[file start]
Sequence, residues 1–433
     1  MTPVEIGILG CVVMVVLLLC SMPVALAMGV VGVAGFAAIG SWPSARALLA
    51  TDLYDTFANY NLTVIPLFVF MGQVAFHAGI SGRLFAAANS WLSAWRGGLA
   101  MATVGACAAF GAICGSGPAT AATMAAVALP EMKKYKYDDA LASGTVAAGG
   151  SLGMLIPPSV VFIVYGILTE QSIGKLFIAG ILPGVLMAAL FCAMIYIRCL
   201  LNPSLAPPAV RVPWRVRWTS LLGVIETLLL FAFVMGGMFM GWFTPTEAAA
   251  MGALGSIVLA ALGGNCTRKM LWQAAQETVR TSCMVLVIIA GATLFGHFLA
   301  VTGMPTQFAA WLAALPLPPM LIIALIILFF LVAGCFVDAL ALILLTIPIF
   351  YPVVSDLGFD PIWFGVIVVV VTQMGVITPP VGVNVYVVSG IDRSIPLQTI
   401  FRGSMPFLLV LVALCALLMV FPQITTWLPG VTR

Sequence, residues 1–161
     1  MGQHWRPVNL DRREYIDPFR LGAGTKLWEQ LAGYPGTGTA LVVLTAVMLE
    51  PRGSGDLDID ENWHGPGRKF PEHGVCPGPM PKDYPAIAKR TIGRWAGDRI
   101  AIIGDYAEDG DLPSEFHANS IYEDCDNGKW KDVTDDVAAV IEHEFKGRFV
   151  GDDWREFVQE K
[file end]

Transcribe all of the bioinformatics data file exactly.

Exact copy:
Sequence, residues 1–433
     1  MTPVEIGILG CVVMVVLLLC SMPVALAMGV VGVAGFAAIG SWPSARALLA
    51  TDLYDTFANY NLTVIPLFVF MGQVAFHAGI SGRLFAAANS WLSAWRGGLA
   101  MATVGACAAF GAICGSGPAT AATMAAVALP EMKKYKYDDA LASGTVAAGG
   151  SLGMLIPPSV VFIVYGILTE QSIGKLFIAG ILPGVLMAAL FCAMIYIRCL
   201  LNPSLAPPAV RVPWRVRWTS LLGVIETLLL FAFVMGGMFM GWFTPTEAAA
   251  MGALGSIVLA ALGGNCTRKM LWQAAQETVR TSCMVLVIIA GATLFGHFLA
   301  VTGMPTQFAA WLAALPLPPM LIIALIILFF LVAGCFVDAL ALILLTIPIF
   351  YPVVSDLGFD PIWFGVIVVV VTQMGVITPP VGVNVYVVSG IDRSIPLQTI
   401  FRGSMPFLLV LVALCALLMV FPQITTWLPG VTR

Sequence, residues 1–161
     1  MGQHWRPVNL DRREYIDPFR LGAGTKLWEQ LAGYPGTGTA LVVLTAVMLE
    51  PRGSGDLDID ENWHGPGRKF PEHGVCPGPM PKDYPAIAKR TIGRWAGDRI
   101  AIIGDYAEDG DLPSEFHANS IYEDCDNGKW KDVTDDVAAV IEHEFKGRFV
   151  GDDWREFVQE K